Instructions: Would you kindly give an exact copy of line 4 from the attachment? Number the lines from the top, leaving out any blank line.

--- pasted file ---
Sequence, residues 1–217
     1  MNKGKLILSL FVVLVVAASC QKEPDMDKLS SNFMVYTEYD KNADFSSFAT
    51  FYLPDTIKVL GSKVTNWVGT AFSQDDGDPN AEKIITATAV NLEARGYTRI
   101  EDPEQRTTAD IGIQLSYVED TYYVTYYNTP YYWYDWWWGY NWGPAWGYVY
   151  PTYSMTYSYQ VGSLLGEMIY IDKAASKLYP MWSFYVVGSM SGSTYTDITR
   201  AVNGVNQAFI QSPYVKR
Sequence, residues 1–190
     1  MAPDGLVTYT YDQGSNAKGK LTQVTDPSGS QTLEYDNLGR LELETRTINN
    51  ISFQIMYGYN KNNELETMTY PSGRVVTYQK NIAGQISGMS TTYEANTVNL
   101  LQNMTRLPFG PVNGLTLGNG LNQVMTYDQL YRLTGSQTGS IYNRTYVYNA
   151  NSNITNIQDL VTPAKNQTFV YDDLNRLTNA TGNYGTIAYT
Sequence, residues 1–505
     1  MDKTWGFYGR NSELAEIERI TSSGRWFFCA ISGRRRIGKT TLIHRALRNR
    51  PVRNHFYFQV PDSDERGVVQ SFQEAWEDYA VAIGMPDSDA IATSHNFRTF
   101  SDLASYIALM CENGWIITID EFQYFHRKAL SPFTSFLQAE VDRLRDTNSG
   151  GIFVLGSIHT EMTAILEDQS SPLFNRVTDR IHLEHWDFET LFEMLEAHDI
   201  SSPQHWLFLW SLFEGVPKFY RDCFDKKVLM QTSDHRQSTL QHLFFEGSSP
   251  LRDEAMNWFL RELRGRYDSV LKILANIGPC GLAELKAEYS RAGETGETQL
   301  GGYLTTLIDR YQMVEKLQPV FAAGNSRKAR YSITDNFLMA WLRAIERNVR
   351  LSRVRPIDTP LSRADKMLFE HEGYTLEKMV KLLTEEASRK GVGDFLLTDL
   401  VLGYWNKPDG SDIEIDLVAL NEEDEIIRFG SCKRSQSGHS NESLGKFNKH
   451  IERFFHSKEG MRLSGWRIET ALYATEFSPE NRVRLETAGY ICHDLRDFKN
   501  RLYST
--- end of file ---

   101  EDPEQRTTAD IGIQLSYVED TYYVTYYNTP YYWYDWWWGY NWGPAWGYVY